This is a delightful book, proof indeed that the descendents of one of Australia’s first female authors have ‘writing in their blood.’ If you are interested in colonial Australian history, women’s history, literary, legal, scientific and educational history….get your hands on a copy! I promise you will not be disappointed.
Searching for Charlotte was published by NLA Publishing in 2020
I am a lover of history in all it’s forms, though I have sometimes wondered how my interest in Australian history survived my school years in the 1960’s and 70’s, with the dry recitations that passed for history back then. I learnt about early European explorers and their ‘discoveries’, the names of people – usually men – of note, something about the Depression and the World Wars. But not enough – not nearly enough – of the humans who populated these past eras – their strivings, motivations and follies. Where, oh where, were the dramas, the absurdities, the outrageous injustices and outright comedies, the incredible feats of resilience and courage that peppered our past?
In more recent years there have been some wonderful works of fiction and non-fiction that have brought this human part of history into sharper focus. From the Edge: Australia’s Lost Histories by Mark McKenna springs to mind, as do excellent podcasts such as Forgotten Australia by Michael Adams or The History Listen from ABC’s Radio National. Fled by Meg Keneally is a novel based on the astounding escape from Sydney by convict Mary Bryant; Esther by Jessica North tells the story of the woman who arguably managed and controlled one of NSW’s first large agricultural estates. And there is now, thankfully, plenty of literature to tell us the stories from indigenous Australia – non-fiction such as Archie Roach’s Tell Me Why and Bruce Pascoe’s Dark Emu; and fiction, including this year’s Miles Franklin awarded The Yield by Tara June Winch.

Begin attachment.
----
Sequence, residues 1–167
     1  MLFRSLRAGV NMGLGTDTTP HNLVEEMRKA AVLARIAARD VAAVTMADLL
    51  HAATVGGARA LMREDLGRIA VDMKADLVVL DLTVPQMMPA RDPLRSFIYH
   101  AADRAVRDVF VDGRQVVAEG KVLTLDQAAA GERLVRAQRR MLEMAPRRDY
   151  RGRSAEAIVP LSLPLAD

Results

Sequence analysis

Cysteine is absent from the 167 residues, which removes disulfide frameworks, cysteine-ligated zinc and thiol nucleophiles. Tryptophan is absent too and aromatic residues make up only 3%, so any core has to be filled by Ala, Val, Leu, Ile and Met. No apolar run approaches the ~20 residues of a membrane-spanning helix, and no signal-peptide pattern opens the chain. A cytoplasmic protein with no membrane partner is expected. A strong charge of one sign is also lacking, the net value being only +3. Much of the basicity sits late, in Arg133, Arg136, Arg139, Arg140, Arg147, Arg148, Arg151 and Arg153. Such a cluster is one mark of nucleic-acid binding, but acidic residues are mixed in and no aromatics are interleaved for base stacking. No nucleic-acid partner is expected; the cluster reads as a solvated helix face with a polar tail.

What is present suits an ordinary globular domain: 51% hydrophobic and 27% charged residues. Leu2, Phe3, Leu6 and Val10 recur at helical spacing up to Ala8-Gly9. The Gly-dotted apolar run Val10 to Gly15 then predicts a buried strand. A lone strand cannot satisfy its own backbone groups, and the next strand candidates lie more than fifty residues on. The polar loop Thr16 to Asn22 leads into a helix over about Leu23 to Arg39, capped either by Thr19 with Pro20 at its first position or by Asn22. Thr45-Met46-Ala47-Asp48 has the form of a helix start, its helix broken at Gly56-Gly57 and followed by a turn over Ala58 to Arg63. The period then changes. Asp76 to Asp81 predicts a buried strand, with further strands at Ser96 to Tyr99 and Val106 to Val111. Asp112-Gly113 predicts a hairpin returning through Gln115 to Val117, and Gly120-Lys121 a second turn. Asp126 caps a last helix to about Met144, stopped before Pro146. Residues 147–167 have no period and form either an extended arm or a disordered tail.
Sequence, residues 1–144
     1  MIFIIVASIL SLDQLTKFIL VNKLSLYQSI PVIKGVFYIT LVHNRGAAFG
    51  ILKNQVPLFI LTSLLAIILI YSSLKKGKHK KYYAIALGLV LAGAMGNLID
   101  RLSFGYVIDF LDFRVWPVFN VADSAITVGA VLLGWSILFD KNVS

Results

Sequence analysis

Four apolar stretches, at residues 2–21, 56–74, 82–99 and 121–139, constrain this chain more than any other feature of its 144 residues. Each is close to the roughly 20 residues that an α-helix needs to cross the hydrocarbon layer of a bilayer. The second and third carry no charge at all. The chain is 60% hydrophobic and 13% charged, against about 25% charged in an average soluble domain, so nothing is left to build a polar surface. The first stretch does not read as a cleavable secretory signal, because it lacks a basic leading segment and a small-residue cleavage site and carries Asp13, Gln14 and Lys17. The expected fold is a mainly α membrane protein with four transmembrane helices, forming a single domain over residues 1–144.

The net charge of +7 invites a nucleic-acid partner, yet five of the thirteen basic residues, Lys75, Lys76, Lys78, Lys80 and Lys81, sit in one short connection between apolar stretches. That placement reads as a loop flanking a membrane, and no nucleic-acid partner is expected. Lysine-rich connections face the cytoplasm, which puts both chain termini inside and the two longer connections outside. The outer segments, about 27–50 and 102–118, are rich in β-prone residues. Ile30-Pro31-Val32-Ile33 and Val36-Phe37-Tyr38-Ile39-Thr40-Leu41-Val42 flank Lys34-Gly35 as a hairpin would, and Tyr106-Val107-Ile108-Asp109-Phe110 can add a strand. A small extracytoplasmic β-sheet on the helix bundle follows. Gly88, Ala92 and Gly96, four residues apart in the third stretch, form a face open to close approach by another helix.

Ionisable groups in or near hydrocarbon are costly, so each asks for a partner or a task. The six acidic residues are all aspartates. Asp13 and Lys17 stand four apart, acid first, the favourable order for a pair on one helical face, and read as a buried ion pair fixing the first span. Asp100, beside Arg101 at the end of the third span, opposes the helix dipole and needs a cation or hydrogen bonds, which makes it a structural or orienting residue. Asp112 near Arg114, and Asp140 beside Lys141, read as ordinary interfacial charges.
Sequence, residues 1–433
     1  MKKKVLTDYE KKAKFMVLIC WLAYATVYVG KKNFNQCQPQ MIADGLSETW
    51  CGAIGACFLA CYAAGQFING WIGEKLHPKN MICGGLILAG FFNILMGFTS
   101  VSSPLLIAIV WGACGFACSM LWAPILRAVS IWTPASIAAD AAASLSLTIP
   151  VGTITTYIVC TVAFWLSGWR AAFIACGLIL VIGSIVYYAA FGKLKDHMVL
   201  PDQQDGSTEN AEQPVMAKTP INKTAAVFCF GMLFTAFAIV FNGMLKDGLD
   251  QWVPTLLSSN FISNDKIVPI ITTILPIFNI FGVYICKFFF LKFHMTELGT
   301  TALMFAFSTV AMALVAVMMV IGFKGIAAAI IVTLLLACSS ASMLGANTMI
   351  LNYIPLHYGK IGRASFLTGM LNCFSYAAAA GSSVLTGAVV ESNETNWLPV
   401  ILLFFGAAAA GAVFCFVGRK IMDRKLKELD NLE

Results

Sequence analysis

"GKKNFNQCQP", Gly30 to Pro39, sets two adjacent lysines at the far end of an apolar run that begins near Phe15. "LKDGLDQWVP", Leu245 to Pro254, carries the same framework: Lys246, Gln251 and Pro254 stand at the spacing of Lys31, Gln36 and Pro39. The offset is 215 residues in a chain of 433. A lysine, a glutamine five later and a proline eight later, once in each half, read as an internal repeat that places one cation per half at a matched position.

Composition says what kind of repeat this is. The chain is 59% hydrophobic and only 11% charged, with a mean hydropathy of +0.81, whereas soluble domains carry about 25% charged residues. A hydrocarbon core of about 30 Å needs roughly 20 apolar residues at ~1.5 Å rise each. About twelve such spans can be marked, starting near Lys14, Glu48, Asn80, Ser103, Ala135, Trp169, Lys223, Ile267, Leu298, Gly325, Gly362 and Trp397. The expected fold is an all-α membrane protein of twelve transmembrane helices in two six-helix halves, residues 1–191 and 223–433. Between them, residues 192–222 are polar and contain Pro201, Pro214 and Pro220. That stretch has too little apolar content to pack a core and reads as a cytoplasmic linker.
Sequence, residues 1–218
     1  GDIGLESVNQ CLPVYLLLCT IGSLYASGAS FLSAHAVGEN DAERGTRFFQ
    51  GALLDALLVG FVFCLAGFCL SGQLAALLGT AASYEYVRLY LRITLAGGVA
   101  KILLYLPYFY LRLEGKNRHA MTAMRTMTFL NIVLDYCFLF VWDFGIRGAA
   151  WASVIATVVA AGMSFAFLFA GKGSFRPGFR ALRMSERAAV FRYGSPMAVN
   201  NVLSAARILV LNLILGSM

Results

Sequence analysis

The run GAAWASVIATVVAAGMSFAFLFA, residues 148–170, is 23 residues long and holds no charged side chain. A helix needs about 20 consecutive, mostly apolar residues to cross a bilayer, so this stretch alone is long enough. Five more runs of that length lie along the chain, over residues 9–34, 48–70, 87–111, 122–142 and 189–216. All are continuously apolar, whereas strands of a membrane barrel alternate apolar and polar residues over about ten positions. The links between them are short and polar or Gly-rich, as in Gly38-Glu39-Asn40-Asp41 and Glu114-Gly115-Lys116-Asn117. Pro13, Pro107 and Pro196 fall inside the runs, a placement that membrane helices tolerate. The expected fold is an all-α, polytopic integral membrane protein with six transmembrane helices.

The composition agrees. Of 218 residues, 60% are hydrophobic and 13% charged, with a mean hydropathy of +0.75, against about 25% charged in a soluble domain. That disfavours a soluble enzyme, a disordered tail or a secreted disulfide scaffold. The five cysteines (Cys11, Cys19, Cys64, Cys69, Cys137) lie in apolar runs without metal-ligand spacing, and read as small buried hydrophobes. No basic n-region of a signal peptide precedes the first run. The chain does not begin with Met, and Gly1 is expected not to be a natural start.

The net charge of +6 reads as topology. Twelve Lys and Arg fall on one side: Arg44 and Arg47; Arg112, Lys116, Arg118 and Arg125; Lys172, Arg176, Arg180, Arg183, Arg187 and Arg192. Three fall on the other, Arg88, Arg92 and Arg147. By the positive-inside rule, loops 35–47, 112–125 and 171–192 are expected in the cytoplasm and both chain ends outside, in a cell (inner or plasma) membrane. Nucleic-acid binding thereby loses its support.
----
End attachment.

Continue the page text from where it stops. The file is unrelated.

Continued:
Ten Rogues is subtitled The unlikely story of convict schemers, a stolen brig and an escape from Van Diemen’s Land to Chile. As the title promises, it is both a rollicking good tale, and a well-researched true- life adventure. The convict at the centre of the tale is Jimmy Porter, a man who must surely have possessed the proverbial ‘nine lives’ to have escaped the multiple death sentences he faced over his career as a criminal and teller of tall tales. The author acknowledges that Jimmy’s penchant for exaggeration and blurring the truth made the research more difficult (the book is based, in part, on judicious selection from Jimmy Porter’s own accounts of his actions, as well as other contemporary narratives, convict records and newspapers, and some additional delving in Chile.)
The book weaves all of these together with information on the history of convict transportation to Australia, the grim conditions in penal stations such as Tasmania’s Sarah Island, the historic links between the slave trade and transportation, and eighteenth and nineteenth century debates about crime, punishment and prison reform. It does so in a very readable way, because apart from anything else, the story of Jimmy Porter and his band of escapees is one of luck and misfortune, unwise choices, incredible feats of endurance and courage, and moments of humour and bravado, that might be seen as very unlikely, if they appeared in a work of fiction.